Have you ever read an article and have it trigger another thought so profound you actually get a chill? I did today.
I started off reading an article in the New York Times called College Enrollment Falls and Economy Recovers. First, I would quibble with the description of the economy in recovery. 1-2% growth 5 years after a recession ends is not a recovery, especially with the Feb flooding the economy with nearly a trillion dollars a year. However, it’s the New York Times so I understand their opinion.
From the article:
College enrollment fell 2 percent in 2012-13, the first significant decline since the 1990s, but nearly all of that drop hit for-profit and community colleges; now, signs point to 2013-14 being the year when traditional four-year, nonprofit colleges begin a contraction that will last for several years.
How do they know it will only last for a few years? I’m sure the music industry thought the decline in CD sales in the early 2000s was just for a few years too. Who know, they could be right, we will see.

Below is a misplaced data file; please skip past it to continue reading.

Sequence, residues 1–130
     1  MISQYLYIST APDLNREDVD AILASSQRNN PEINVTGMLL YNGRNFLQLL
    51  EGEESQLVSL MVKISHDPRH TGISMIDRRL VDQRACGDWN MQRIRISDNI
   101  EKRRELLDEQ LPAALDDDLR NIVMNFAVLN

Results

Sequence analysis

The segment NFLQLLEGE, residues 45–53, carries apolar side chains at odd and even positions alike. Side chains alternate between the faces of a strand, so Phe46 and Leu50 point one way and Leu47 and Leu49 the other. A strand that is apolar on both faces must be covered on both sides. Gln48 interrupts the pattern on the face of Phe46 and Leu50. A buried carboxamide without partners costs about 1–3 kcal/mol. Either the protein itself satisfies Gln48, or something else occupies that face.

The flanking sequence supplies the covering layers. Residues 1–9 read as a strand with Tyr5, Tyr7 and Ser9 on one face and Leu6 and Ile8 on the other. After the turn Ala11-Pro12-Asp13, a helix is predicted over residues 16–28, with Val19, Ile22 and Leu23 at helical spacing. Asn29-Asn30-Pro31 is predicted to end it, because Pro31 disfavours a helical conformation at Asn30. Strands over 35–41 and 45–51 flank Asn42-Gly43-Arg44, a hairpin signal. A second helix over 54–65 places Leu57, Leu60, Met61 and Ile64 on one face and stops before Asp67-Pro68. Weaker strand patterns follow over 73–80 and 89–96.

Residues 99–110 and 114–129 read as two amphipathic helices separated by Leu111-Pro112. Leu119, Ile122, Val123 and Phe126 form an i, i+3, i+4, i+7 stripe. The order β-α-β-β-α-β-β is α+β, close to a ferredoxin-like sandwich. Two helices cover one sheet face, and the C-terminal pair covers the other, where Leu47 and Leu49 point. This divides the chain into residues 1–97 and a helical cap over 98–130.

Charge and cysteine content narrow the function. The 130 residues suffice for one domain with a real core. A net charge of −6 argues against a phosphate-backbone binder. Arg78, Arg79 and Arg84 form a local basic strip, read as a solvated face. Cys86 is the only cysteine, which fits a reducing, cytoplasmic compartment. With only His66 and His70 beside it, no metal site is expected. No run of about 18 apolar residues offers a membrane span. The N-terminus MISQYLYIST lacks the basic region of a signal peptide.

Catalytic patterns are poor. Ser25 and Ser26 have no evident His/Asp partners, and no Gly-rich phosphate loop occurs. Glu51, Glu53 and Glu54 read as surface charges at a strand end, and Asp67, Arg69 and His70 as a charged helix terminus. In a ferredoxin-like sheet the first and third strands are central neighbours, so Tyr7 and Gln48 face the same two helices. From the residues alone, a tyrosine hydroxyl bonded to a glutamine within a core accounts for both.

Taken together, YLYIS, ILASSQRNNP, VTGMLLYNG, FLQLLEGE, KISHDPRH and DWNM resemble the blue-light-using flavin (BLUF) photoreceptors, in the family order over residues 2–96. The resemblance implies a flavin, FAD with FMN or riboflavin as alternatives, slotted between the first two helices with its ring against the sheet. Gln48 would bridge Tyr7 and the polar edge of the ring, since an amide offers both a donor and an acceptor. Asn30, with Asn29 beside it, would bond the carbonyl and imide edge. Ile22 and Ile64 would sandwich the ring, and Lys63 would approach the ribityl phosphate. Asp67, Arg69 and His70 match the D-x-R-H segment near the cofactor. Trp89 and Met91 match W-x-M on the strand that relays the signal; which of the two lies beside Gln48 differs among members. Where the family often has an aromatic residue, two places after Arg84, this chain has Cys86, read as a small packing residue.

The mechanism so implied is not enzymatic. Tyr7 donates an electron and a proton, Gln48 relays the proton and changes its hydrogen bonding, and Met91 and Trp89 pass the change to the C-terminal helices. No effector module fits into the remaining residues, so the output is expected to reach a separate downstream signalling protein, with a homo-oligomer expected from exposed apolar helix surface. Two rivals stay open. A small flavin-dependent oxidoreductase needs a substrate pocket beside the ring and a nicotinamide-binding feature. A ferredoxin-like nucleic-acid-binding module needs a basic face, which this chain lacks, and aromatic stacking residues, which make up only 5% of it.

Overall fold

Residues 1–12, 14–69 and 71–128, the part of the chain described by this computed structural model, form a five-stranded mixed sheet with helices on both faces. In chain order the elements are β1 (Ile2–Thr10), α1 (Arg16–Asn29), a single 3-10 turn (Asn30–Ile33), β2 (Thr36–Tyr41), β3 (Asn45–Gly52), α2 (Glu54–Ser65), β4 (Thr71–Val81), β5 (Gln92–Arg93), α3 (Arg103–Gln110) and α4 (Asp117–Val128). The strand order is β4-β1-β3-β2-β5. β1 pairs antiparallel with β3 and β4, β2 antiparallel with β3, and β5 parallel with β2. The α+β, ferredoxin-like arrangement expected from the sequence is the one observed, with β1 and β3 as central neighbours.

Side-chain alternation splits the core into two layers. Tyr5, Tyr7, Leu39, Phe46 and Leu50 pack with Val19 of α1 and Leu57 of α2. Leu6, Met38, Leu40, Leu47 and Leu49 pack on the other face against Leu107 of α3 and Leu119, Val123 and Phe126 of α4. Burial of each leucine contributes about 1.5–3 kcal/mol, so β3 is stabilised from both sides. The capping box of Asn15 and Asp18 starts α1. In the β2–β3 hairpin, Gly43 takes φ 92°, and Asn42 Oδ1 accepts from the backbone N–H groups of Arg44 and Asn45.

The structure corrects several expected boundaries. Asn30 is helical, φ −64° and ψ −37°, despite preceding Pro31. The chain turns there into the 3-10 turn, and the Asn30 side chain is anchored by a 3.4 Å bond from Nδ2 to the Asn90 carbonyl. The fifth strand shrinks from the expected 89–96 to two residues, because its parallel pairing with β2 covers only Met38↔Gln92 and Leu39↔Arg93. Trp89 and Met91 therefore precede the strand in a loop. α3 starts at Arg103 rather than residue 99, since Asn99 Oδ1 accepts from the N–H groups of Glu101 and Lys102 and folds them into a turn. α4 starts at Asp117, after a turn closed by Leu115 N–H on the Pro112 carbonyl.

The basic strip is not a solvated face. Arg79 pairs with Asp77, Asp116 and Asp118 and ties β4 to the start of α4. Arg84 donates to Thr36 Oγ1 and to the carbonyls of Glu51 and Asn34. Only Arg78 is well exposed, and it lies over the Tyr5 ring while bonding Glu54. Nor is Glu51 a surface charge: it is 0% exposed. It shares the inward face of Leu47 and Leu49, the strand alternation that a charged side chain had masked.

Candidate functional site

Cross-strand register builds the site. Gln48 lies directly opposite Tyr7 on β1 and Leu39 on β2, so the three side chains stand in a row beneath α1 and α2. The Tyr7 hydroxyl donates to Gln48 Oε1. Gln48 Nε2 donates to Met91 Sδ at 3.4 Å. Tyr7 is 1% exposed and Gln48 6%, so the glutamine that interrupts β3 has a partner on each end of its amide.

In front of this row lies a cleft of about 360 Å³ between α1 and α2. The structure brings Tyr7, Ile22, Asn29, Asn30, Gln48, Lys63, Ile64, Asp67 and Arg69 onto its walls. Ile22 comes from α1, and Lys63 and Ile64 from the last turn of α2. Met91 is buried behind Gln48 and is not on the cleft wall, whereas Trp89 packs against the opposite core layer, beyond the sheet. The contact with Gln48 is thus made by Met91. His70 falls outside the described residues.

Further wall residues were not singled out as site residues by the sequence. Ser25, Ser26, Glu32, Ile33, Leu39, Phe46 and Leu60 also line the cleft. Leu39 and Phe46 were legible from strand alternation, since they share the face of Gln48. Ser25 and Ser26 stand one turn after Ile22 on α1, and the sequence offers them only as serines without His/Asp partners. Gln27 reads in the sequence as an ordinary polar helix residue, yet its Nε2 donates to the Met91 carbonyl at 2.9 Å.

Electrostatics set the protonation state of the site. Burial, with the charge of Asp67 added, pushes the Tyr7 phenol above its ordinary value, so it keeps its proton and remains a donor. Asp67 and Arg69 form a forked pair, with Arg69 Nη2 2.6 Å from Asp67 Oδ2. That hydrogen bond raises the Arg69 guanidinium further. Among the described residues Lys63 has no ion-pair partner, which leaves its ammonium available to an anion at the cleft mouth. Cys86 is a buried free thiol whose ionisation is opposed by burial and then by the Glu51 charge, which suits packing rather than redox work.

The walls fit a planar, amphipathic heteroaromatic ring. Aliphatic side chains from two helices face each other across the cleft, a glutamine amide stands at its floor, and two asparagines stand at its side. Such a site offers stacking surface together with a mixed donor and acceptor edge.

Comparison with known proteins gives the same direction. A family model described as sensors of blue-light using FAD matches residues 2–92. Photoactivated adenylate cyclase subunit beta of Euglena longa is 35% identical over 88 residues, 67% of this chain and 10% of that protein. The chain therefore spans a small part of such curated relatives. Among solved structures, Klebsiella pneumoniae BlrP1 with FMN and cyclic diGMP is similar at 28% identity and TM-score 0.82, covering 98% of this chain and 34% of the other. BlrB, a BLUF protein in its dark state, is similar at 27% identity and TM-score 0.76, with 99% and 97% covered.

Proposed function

Another explanation for the decline in enrollment in a poor economy means students don’t want to take on a huge amount of debt unless they can be sure they can get a job afterwards. But what about the ones who have already gotten into huge debt and don’t have a job? What are the implications of the huge cost of college? Could colleges be eating their seed corn?
To eat the seed corn - To eat the corn which should be saved for seed, so as to forestall starvation; – a desperate measure, since it only postpones disaster.
- any desperate action which creates a disastrous situation in the long-term, done in order to provide temporary relief.
If you are in huge debt you tend not to have the money available for starting your life by getting married, buying a house and having children. Are we seeing this happening? Check this out:
The recession has been over for four years, but the birth rate in the U.S. continues to fall as many people struggle with a sluggish economy and financial uncertainty.
According to a recent analysis by the Pew Institute, since 2007 when there were a record 4,316,233 births, the number of births has been steadily declining, with 4,007,000 births in 2012 – the lowest number since 1998.
The US birth rate has fallen significantly. I thought that made sense considering the conditions the new generation finds themselves in but then I thought: holy cow, these grads should be having children who would themselves be going to college in 18 years.
So this is what hit me earlier: If they aren’t having kids, who will go to college in two decades?
As I have said many times, what will transform education is not some big government program, it will be economics.